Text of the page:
03 Sep 2019
Insurers should offer consumers instant, flexible and digital quotes as insurtech funding nearly doubles in 2018
Global insurtech funding topped $3bn in 2018, an increase of 84.2% from 2017. Consumers are being offered more digital policies as start-ups continue to emerge, bringing new policies and approaches to insurance markets around the world, says GlobalData, a leading data and analytics company.
A key trend discussed in GlobalData’s report, ‘Digital Challengers in Insurance – Thematic Research’, is the emergence of on-demand policies where customers can purchase insurance by the hour, day or week – normally using a provider’s app. Variations can be seen across a lot of personal lines, with flexibility becoming a key trend as start-ups offer home or gadget insurance, which can be adjusted at any time.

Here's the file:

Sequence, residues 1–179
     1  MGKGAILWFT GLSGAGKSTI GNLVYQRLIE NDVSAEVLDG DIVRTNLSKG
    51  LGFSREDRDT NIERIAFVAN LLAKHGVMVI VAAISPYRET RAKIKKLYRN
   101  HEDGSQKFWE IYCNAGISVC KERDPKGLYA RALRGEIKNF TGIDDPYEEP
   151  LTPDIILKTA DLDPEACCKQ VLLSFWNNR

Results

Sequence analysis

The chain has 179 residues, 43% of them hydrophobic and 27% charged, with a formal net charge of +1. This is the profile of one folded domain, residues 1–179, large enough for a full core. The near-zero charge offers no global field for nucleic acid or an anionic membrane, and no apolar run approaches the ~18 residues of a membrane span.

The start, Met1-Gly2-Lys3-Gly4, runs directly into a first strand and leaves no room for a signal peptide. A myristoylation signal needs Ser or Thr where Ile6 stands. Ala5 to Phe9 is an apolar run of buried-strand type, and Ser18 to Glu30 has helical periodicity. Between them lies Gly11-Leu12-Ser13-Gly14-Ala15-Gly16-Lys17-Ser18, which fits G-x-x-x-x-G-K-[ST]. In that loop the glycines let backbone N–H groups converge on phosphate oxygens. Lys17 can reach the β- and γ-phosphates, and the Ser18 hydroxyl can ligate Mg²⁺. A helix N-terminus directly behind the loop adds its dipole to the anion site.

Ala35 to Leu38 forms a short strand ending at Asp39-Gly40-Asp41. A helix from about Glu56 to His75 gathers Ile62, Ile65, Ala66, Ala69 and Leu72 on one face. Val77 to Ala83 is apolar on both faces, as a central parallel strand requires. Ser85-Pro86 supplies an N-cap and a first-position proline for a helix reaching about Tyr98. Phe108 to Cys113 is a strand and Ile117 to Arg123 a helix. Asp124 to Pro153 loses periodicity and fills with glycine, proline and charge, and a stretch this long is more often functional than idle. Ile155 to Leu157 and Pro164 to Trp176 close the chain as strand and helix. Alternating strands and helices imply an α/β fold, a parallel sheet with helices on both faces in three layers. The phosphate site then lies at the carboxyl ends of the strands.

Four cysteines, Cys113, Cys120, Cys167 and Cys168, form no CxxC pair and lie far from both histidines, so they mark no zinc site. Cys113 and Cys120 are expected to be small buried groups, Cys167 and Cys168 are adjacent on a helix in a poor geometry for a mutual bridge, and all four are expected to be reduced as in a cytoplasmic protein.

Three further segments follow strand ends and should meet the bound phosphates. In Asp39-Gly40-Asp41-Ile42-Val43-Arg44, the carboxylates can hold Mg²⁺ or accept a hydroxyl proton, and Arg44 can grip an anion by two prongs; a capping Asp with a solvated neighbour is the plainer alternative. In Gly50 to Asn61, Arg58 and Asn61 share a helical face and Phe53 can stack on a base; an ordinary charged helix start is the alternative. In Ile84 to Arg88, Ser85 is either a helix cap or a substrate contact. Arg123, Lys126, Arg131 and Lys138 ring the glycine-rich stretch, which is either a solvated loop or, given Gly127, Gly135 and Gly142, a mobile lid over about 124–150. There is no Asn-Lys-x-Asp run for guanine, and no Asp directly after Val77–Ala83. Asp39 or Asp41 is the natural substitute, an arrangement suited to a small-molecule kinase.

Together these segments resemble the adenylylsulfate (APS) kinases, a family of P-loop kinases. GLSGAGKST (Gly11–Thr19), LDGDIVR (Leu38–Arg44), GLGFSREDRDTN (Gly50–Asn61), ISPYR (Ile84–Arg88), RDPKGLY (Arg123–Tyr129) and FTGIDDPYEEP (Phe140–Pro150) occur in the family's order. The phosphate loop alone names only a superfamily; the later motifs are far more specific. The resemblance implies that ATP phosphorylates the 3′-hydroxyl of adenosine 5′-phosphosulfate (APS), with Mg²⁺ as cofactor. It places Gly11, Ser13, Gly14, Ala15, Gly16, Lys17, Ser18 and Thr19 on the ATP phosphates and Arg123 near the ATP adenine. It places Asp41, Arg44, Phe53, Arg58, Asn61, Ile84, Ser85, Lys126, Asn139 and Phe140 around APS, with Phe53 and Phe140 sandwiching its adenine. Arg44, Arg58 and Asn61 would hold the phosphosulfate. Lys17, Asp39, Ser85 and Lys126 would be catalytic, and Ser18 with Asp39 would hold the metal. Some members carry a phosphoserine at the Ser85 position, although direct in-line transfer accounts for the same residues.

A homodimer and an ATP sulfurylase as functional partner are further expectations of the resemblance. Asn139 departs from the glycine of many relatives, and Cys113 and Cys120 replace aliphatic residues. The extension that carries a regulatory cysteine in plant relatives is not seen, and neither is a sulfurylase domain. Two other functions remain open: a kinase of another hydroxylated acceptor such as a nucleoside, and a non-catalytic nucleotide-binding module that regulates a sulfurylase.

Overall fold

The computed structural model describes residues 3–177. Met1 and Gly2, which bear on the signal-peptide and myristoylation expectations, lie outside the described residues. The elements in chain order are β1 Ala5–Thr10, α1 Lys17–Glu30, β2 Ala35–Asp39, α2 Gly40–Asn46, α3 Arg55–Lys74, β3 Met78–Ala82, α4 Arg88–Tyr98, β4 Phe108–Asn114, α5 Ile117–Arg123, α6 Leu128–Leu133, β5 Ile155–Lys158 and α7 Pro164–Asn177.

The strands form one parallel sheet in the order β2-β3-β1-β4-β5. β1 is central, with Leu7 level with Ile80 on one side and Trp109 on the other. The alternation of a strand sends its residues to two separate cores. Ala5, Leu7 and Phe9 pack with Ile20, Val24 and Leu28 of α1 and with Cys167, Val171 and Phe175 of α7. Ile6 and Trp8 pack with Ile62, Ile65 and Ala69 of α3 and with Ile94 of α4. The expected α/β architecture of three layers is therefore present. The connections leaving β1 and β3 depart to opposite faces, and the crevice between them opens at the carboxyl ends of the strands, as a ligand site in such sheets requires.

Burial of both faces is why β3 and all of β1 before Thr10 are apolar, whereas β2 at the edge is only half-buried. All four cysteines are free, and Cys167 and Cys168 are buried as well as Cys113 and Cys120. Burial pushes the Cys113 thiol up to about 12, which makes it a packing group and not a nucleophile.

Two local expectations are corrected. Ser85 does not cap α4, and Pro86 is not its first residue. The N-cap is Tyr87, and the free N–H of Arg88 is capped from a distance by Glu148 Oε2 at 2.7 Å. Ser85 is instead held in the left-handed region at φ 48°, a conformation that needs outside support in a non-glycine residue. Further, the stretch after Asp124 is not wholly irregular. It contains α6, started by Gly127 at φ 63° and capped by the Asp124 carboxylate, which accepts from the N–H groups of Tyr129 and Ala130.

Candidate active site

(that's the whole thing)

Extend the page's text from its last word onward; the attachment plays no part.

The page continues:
Ben Carey-Evans, Insurance Analyst at GlobalData, said: “The digital challenge in insurance continues to grow and the scale of funding in 2018 is proof of that. It has lagged behind other sectors, given what Uber and Netflix provide in transport and entertainment, respectively. However, this type of flexible and instant service is more commonplace with a range of start-ups thriving in both personal and commercial lines. This has even prompted traditional insurers such as Aviva to respond with the release of its Aviva Plus, which allowed customers to pay monthly subscriptions and tweak cover levels during the contract.”
The UK has been at the forefront of insurance industry modernization, with start-ups such as Brolly, Zego, Homelyfe, ByMiles and DeadHappy all offering flexible and digital policies across a range of different insurance lines. GlobalData’s Smart Money analytics show that UK insurtechs received the second highest level of investment globally in 2018, with $9.8bn coming from 101 completed deals.
Carey-Evans concludes: “Established UK players have to adapt to progress made by start-ups or consumers will begin to go elsewhere. They can no longer rely on their trusted brand names, as they are not just competing against start-ups but can be left behind by their competitors partnering or investing in them.”